(CNN) — A federal appeals court has blocked enforcement of parts of a controversial immigration enforcement law in Alabama.
The injunction issued Friday from the 11th U.S. Circuit Court of Appeals in Atlanta came after the U.S. Justice Department — supported by a coalition of immigrant rights groups — requested the legislation, known as HB 56, be put on hold until the larger constitutional questions can be addressed, a process that could take some months at least.
The 16-page order gives both sides partial victories, allowing some parts of the law to go into effect while others are temporarily blocked.
The Obama administration says the Constitution does not permit states to deter illegal immigration, saying an issue with foreign policy implications is the exclusive mandate of the federal government.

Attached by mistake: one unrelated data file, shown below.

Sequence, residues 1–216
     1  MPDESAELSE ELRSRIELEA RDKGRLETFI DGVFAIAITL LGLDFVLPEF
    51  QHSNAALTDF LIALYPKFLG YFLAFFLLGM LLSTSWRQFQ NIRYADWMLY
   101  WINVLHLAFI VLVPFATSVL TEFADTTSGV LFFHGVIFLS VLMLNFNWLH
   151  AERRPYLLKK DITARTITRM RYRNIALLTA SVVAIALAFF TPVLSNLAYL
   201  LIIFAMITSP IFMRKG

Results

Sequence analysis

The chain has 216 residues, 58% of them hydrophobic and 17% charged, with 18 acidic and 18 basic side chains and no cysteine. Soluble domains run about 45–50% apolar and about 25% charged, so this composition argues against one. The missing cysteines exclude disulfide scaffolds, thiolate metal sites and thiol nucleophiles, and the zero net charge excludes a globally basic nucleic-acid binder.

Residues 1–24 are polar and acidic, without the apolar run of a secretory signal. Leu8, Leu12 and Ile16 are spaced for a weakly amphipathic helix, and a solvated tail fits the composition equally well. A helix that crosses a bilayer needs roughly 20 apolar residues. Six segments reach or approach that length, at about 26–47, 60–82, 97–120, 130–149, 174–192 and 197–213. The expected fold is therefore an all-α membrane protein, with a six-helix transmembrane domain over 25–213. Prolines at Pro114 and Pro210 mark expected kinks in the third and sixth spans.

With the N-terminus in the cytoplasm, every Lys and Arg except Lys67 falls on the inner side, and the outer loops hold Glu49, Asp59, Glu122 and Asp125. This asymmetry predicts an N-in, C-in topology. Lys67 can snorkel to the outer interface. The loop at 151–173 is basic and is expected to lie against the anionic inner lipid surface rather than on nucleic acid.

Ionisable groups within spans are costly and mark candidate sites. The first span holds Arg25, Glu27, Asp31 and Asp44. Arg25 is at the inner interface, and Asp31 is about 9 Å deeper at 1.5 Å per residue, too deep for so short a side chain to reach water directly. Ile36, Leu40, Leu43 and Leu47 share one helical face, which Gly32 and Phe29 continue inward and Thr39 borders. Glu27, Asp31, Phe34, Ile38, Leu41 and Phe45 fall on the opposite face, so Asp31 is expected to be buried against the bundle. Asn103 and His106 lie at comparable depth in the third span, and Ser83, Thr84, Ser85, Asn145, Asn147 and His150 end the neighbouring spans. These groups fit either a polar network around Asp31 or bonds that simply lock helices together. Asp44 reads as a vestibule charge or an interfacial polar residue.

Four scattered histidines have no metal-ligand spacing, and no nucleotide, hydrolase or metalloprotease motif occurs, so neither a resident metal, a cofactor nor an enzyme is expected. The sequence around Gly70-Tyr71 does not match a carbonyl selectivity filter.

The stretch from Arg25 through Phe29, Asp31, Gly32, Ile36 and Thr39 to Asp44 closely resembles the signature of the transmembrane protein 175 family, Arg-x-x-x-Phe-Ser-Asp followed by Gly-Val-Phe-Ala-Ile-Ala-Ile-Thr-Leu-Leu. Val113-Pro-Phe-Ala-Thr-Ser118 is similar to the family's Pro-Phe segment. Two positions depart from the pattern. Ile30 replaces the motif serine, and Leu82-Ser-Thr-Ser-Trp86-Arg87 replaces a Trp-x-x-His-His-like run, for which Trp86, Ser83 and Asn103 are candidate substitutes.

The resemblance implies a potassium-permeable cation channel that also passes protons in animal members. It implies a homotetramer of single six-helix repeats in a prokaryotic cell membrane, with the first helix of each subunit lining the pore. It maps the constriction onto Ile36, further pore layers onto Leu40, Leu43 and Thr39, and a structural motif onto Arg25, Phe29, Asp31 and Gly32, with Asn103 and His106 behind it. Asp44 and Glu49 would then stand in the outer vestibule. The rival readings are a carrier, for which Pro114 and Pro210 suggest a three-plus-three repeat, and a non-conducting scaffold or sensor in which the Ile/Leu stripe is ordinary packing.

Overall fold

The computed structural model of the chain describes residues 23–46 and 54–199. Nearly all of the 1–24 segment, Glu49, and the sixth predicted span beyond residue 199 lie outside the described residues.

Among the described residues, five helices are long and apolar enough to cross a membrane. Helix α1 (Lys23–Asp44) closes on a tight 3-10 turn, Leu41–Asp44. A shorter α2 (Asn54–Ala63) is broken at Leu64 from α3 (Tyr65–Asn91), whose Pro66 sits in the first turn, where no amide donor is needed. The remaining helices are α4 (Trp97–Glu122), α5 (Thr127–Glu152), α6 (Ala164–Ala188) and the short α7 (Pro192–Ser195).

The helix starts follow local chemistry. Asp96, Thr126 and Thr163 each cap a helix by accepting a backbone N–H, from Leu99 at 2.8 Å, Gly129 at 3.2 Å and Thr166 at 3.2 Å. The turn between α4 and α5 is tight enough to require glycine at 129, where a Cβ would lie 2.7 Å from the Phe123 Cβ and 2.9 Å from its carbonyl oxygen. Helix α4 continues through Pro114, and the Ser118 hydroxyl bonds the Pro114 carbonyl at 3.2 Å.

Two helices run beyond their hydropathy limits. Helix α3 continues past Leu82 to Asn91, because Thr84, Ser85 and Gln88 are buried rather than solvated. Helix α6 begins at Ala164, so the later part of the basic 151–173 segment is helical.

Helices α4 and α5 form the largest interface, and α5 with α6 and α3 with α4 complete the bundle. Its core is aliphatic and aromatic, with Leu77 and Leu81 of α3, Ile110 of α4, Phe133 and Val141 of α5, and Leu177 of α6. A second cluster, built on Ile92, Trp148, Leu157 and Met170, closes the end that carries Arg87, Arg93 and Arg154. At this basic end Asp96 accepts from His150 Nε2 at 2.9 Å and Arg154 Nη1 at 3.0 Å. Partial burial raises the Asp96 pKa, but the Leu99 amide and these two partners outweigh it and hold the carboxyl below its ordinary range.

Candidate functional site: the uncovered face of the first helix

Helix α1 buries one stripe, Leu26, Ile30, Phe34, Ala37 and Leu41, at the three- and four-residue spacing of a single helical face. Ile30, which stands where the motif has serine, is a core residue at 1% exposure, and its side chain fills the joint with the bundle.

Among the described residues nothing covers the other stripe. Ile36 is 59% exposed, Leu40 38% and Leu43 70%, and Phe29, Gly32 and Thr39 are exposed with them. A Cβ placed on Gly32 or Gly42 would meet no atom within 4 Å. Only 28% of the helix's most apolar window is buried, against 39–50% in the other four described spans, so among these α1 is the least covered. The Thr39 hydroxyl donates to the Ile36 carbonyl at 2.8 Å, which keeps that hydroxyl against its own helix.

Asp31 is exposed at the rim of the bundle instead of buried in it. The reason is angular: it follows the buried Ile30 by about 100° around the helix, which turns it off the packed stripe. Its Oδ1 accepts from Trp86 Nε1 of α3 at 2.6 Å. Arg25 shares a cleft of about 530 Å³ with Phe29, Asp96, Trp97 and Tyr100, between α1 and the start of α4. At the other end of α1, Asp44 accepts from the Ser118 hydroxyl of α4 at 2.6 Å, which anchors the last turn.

Alabama’s law, passed by the legislature this summer, would allow state and local officials to check the immigration status of public school students and to detain suspected undocumented immigrants without bond. It would make it a crime for immigrants who lack proper documents to conduct business with the state for things such as driver’s licenses.